In summary

In a vote likely to upend both political fortunes and insurance markets across California, the House passed the American Health Care Act today, a bill that would repeal and replace Obamacare. California, which invested heavily in participating in Obamacare, would be particularly affected if the bill becomes law.

In a vote likely to upend both political fortunes and insurance markets across California, the House today passed a bill that would repeal and replace Obamacare by a slim 217-213 margin.

Though 21 Republicans did not support the controversial American Health Care Act, California’s GOP delegation voted as a bloc along with the GOP leadership. That includes vulnerable members such as Darrell Issa, who won his seat by only 1,621 votes last fall and whose district in Orange County went easily for Hillary Clinton. “Obamacare is doing real harm to California’s families and struggling businesses, and constituents are counting on me to deliver real relief,” Issa said in a press release. “Now is the time to make it right.”

The bill now moves onto the Senate, where it is likely to see considerable revisions before being passed back to the House. But even if the Republicans long-awaited repeal-and-replace plan does not become law, Democrats across the state are already singling out those lawmakers who voted for this unpopular bill.

“Kevin McCarthy and California Republicans in Congress chose Donald Trump and Paul Ryan over the needs of their own constituents,” Assembly Speaker Anthony Rendon said in a statement, calling out the House Majority Leader from Bakersfield by name. “They should be ashamed and they must be held accountable.”

Prior to the vote, Gov. Brown tried unsuccessfully to shame the California Republican delegation into breaking from their party’s leadership. “Just look at the districts of Representatives David Valadao (R-Hanford), Jeff Denham (R-Turlock) and Steve Knight (R-Lancaster) where 111,000, 109,000 and 76,000 Californians, respectively, are at risk of losing coverage because of this legislation,” the governor’s office said in an email blast two hours before the bill passed.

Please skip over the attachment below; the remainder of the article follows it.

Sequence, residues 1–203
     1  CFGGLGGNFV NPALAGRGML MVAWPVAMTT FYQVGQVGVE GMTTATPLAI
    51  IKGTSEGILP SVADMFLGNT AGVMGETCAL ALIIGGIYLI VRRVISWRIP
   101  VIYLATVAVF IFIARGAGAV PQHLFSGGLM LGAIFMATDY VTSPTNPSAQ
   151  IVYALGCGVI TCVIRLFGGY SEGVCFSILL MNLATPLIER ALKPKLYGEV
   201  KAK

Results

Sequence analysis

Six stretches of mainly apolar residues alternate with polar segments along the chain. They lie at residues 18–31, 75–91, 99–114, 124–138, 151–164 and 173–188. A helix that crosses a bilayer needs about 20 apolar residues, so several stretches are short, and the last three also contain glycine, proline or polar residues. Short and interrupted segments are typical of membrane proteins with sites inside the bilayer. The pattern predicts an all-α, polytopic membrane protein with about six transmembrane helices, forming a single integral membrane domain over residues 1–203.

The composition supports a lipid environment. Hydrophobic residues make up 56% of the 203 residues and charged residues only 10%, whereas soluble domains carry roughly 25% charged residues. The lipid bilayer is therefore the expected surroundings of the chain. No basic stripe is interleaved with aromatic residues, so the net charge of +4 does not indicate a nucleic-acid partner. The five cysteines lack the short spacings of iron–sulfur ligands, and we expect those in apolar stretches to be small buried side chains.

Though the bill was passed before the Congressional Budget Office had time to estimate its overall impact, an analysis of an earlier version of the Republican health plan by the non-partisan scorekeeper projected that 24 million more people nationwide would lose or opt out of coverage within ten years.

California, which invested heavily in the future of the Affordable Care Act nicknamed Obamacare, would be particularly affected if the bill becomes law. The UC Berkeley Center for Labor Research and Education estimates that the state would be forced to either spend an additional $10 billion annually or drop more than 3 million people from Medi-Cal, the state’s Medicaid program for poorer people, starting in 2020. That’s because the new health plan begins phasing out federal payments for Obamacare’s expansion of Medicaid at the end of the decade.

Californians who have purchased insurance through the Covered California health exchange could also see abrupt changes in coverage. While the new plan offers tax credits to those who buy insurance on their own, these credits are generally less generous than those offered by the Affordable Care Act, and are structured to increase with a person’s age. Exchange subsidies under Obamacare are tied to a person’s income, increasing as income declines.

Plus, as the Los Angeles Times has reported, the bill would also prohibit tax credits from being used for plans that cover abortion, which the vast majority of policies in the state do. If the bill becomes law, we can expect yet another lawsuit between California and the federal government.

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Ben covers housing policy and previously covered California politics and elections. Prior to these roles at CalMatters, he was a contributing writer for CalMatters reporting on the state's economy and...